Making Public Relations Work for You

Q) What services do you offer, how long have you been in business and why did you go into PR?

A) I am in the business of elevation. My company, Quest Media Training, is one of the avenues I use to elevate brands, moods and ideas. I accomplish this through media coaching, keynote speaking and strategic public relations.

I have been in business for seven years, one of my favorite numbers! I went into public relations because I wanted to be part of making positive news after being a journalist reporting doom-and-gloom stories while working in a high-pressure newsroom.

What are three general, rule-of-thumb tips for someone handling PR for a large brand or celebrity?

  1. Create a culture of confidentiality. As a PR director, you must know many secrets in order to protect and elevate your client’s brand. Knowing how to keep things under wraps is critical and builds trust. I suggest signing mutual confidentiality agreements.
  1. Promote the client over self. We often see publicists posing with their clients and celebrities — more often than we see the client in action, living out the work of the publicist. Promoting your business is important, but let’s still believe in the magic of PR. It should look effortless and look as if you expected that your clients would be where you placed them, instead of you boasting that you are the reason they are there.
  1. Develop a thick skin. Several attempts to book a media hit are common. Some of the biggest fish I landed took several months! One event took more than a year! In media, specifically, “no” does not mean “never.”

What advice do you have for securing media coverage with major outlets?

Make sure that your pitch is research-based and airtight. Include examples of media hits your client has had. Be very polished, efficient and to the point!

Is booking international media coverage different from booking domestic media coverage?

I have used similar techniques for both. Though the skills transfer, it is important to remember that much more research is needed on the international front. You want to be aware of the current news cycle and cultural sensitivities overseas, and to dissect your pitch word by word. You never know how a producer or person from another country may interpret an American phrase. Be very careful not to offend.

How has social media impacted the way you market?

Because of the intimate and specific nature of how I practice PR, I do not use social media to market in the traditional sense. My PR clients are high-level and have connected with me through relationships or professional associations. I use social media to offer insight into my personality and business practices so that after high-level clients first interact with me, I am clear and strategic on what they will find when they research me after I leave their offices.

What marketing tactics  — videos, memes, email campaigns, events, landing pages, for instance — have you used? Which work best for you?

For media and brand coaching, my most successful marketing tactics have been events and videos. For the public relations arm of my business, my most successful tactics have been influenced by events, email campaigns and individual pitches.


What should marketers do when looking to expand their efforts online or off?

It is important to note that I am a public relations director and media coach, not a marketer. Marketing and PR are entirely separate Industries. Both are needed to make a real impact in brand visibility and building great relationships with customers and future clients. I strongly suggest including a parallel public relations campaign to expand your efforts faster.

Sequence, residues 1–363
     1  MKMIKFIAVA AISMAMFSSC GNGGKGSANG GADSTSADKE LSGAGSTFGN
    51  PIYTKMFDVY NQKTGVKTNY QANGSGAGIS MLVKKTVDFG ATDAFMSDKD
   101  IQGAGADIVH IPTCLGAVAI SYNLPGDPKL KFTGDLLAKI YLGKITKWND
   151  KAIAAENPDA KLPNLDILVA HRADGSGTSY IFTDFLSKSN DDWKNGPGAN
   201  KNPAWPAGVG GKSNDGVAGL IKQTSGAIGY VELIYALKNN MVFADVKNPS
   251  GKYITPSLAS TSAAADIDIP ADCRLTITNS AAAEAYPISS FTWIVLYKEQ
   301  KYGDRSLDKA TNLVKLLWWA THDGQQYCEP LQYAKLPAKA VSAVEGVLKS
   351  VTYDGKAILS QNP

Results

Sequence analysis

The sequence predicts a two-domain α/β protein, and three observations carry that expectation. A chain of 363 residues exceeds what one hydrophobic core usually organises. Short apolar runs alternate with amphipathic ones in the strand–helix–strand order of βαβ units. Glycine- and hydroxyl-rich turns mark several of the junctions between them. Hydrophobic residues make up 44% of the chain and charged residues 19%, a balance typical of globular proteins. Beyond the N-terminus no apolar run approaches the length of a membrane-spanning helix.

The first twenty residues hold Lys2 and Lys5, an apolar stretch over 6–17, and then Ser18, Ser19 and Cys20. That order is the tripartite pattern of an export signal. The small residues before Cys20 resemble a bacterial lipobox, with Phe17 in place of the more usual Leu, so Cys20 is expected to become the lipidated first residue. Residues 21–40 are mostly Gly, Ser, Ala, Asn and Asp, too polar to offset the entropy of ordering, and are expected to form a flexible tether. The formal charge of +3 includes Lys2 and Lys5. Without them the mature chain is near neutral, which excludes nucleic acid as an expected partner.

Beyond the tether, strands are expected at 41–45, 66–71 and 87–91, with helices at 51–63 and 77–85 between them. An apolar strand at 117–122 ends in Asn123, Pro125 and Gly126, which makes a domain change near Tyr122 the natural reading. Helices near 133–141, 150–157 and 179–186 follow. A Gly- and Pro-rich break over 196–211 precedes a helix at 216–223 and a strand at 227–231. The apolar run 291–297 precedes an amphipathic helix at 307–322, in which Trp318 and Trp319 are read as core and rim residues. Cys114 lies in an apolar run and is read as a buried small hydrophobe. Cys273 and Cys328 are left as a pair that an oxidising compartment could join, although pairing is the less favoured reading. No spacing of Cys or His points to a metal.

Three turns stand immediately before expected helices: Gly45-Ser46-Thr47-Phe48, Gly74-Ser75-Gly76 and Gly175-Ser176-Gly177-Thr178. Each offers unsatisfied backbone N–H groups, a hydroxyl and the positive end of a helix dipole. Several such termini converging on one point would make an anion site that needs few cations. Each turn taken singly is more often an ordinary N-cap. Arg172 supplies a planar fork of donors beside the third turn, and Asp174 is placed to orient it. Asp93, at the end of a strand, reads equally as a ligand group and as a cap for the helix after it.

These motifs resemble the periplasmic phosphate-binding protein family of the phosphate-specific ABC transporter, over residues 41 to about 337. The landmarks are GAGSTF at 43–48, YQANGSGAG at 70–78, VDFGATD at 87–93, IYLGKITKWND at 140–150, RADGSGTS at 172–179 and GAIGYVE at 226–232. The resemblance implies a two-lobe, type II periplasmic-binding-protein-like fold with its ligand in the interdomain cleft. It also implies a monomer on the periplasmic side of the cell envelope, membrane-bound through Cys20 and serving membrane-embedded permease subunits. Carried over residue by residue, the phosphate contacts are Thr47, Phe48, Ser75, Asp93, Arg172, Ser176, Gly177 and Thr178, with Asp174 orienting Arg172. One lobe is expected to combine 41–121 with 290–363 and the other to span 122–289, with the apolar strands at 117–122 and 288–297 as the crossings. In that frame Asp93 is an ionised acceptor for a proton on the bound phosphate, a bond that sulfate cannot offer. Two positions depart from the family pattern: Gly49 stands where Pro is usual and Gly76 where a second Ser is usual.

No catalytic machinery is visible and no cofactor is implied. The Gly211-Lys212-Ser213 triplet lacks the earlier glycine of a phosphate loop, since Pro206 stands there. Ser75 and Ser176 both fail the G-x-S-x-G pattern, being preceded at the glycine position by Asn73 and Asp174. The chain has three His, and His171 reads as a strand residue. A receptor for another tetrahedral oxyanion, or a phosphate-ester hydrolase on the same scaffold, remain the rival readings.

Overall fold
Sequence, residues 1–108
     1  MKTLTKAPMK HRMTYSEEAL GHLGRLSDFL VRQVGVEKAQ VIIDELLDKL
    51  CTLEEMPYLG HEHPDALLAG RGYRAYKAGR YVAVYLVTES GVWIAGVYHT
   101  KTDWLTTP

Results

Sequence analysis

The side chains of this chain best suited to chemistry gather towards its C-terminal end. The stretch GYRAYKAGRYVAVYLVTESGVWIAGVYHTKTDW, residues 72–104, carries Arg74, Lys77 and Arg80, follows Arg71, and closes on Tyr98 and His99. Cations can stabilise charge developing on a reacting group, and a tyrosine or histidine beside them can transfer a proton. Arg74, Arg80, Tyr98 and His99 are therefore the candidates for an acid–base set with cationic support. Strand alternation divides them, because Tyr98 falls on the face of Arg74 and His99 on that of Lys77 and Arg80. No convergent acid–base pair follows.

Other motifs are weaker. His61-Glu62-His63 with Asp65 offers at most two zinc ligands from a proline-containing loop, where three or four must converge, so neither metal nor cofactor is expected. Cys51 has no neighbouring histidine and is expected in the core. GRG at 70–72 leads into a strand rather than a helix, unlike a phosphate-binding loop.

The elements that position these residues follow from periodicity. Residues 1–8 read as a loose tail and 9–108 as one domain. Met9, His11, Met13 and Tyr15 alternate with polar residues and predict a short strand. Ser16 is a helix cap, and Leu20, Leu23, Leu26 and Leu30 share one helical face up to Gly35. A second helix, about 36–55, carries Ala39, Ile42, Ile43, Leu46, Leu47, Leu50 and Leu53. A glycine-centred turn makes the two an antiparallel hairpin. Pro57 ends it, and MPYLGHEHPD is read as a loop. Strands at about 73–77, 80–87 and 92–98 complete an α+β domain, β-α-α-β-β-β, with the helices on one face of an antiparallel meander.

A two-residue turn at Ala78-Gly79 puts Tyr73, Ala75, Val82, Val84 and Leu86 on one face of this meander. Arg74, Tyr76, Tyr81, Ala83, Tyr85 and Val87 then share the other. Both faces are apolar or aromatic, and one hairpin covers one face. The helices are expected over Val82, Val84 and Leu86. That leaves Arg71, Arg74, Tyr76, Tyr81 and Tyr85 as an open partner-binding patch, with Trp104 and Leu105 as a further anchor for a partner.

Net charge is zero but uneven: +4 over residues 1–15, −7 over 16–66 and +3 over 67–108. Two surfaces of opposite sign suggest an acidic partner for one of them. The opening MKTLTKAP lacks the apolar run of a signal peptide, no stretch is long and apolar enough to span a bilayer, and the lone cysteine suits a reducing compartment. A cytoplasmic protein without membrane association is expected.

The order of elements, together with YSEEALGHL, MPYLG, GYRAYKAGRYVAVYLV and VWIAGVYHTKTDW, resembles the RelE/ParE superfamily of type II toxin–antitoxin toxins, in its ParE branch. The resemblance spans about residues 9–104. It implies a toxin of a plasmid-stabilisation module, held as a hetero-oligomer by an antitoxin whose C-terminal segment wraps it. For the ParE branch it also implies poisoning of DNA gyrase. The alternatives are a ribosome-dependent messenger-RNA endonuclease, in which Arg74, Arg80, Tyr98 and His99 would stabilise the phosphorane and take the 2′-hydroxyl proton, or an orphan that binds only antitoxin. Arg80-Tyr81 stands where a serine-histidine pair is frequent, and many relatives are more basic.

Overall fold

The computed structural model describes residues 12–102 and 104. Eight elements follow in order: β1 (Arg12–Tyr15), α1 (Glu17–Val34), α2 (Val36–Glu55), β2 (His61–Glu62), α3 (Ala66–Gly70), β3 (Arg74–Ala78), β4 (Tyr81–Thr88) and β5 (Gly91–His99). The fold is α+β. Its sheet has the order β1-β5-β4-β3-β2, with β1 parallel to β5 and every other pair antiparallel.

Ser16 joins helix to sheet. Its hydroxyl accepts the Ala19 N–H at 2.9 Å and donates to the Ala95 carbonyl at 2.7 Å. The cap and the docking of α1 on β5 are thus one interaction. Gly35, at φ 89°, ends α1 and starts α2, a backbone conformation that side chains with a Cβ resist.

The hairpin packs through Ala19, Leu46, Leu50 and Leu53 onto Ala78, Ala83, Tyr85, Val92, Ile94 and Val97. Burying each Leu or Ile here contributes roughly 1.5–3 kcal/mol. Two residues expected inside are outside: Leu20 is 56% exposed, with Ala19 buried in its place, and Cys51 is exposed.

What common mistakes have you seen brands make?

Some include not being consistent. Having many talents is OK, but you must drill down and consistently promote your main thing to build an audience that trusts you and returns repeatedly.

Another mistake occurs when brands trade value for volume. They post fun, visually appealing, catchy content, but it is not clear what they do. It is a huge mistake to try being popular while not clearly communicating exactly what you offer and what results a client can expect.

Is there any such thing as “bad press?”

A great friend who has produced for a top market once said that the only thing worse than bad press is no press. Depending on your industry, bad press can ruin your career. We have seen this with politicians and even pastors. It can be hurtful if you are not solidly established as a brand. So stay above board to have the most positive, consistent press possible.

What should a brand do when handling a negative media situation?

Before that situation arises, a brand should have a crisis communications plan that includes a response timeline, spokespeople, suggestions for fixes and a clear understanding of possible issues. Handling the negative media situation is about responding early, often and with full transparency. The public is often quick to forgive when fully informed.

How do you develop a brand voice for clients?

I use The Z Method to identify their core and analyze their goals and strengths. I use the results to create organic and authentic messaging, and to establish a clear brand voice.


How did you develop your brand voice?

I always say your brand is your promise. Early in my career, I became known for consistency, creativity, passion, precision and authenticity. I was living my promise, my brand. After realizing this, I did The Z Method on myself! Then I studied clips of myself in action on media or speaking platforms. I created brand goals. I thought about my target audience and what made it respond. I put it all in my “magic machine,” shook it up, and out came a custom brand voice that is results-oriented for my client — me.

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